Insects. Learning Objectives

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1 P. NIXON Insects Learning Objectives -1 Insects and Their Relatives -5 Insect rowth and Development -6 Insect Pests -7 Controlling Pests -10 Honeybees and Other Pollinators -12 Important Insect Pests in Illinois -31 References -33 Insect Color Sheets Learn the basic characteristics and major classifications of insects. Understand the basic anatomy of insects. Describe the differences between incomplete and complete metamorphosis life cycles in insects. Understand the basic philosophies of integrated pest management (IPM) and how this relates to insect management. Understand the importance of insect pollination. Learn the common symptoms of insect damage and how to diagnosis insect damage. Be aware of the most common insect pests found in Illinois landscapes.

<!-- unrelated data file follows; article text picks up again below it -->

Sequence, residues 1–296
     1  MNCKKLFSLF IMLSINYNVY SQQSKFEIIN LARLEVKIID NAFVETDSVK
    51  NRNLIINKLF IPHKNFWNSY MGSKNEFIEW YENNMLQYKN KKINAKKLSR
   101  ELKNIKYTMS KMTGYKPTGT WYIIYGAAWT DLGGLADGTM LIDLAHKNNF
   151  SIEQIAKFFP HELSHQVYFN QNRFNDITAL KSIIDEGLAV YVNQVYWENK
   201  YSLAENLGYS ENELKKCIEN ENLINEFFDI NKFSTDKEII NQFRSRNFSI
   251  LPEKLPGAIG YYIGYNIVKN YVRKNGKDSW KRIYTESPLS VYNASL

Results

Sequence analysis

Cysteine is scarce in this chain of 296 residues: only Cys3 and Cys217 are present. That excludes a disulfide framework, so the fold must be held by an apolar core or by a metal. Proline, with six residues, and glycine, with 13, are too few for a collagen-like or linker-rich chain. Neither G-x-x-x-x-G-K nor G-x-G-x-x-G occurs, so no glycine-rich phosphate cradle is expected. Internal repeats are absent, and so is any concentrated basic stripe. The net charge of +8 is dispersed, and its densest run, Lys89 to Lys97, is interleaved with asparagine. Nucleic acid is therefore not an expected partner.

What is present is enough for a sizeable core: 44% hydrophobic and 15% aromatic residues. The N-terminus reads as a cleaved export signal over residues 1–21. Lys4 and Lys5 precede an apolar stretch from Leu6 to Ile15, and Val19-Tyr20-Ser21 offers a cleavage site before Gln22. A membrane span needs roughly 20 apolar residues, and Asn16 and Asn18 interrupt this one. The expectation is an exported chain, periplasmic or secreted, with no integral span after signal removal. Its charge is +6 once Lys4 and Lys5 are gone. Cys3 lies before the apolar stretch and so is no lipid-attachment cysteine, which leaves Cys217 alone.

2 Insects Insects and Their Relatives Insects and their relatives have been coexisting with man for thousands of years. It is estimated that there are over 30 million unidentified species of insects in the world. Although many people may consider insects as undesirable creatures, of the approximately 850,000 identified species (with an estimated total of one million described) it is generally agreed that only a small number (approximately 10,000) of these species are actually destructive. The remaining species may be broadly grouped as either beneficial or harmless insects. Before developing strategies for insect pest management, it is important to study the insect world and the often delicate and fragile relationship that exists between insect species, other animals, plants and people. Throughout history, serious problems have occurred due to insect pests. They have been known to cause devastating crop losses and transmit disease to crops, animals and humans. Classification of Insects and their Relatives Insects are members of the vast and diverse animal kingdom. The animal kingdom is organized into groups based on similar structural features. The first classification is called the Phylum. There are ten common phyla in the animal kingdom and members of each of these phyla exhibit similar features. KINDOM PHYLUM CLASS ORDER FAMILY ENUS SPECIES PHYLUM Each phylum is further divided into the subgroups: class, order, family, genus, and species based upon similarities. Insects and insect relatives belong to the phylum arthropoda literally meaning jointed foot. All arthropod members have the following characteristics: A segmented body Paired segmented appendages An exoskeleton that is periodically shed ( molted ) and renewed (humans have an endoskeleton) An open circulatory system (the insect hemolymph (blood) is not in vessels but sloshes through the tissue) A ventral nervous system (humans have a dorsal nervous system) Respiration by gills or a system of tubes (tracheae) The hemolymph usually does not carry oxygen Separate sexes CLASS Arthropods are further divided into five major classes: Arachnida, Chilopoda, Crustacea, Diplopoda, and Hexapoda (Insecta). The Hexapoda class is the largest of these classes and includes 7/8ths of all arthropod members. True insects are members of the Hexapoda (Insecta) class. This class includes true bugs, butterflies, bees, beetles, flies, fleas, scales, termites, ants, etc. INSECT ORDERS Millions of insects exist and they are further organized into groups (taxa) with similar characteristics such as mouthparts, wing structure, and metamorphosis. Depending upon classification, 26 to 30 different orders are recognized. Characteristics of Insects (Figure -1.) Three body regions (head, thorax, abdomen) One pair of antennae Chewing or piercing-sucking mouth parts Thorax usually with two pairs of wings (sometimes only one or none) Thorax usually with three pair of legs (sometimes none) Flies Fleas Scales Figure -1. Various insects demonstrating characteristic body parts. Beetles Ants Butterflies INSECTS -1